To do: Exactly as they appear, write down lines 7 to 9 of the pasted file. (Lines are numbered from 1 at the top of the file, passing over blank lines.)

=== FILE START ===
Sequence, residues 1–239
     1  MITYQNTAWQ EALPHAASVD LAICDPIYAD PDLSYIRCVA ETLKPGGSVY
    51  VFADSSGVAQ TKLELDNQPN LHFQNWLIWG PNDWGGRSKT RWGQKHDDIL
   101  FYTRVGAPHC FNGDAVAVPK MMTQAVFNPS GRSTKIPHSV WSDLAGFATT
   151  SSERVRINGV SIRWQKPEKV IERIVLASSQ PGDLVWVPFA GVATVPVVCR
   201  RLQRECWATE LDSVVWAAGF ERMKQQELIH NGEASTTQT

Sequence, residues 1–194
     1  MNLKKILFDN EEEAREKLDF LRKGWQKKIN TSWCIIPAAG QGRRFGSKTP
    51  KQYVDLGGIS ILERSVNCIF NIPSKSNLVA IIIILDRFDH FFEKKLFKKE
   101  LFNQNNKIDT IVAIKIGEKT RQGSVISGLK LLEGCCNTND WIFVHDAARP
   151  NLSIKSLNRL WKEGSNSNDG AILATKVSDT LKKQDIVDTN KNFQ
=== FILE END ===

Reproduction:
Sequence, residues 1–194
     1  MNLKKILFDN EEEAREKLDF LRKGWQKKIN TSWCIIPAAG QGRRFGSKTP
    51  KQYVDLGGIS ILERSVNCIF NIPSKSNLVA IIIILDRFDH FFEKKLFKKE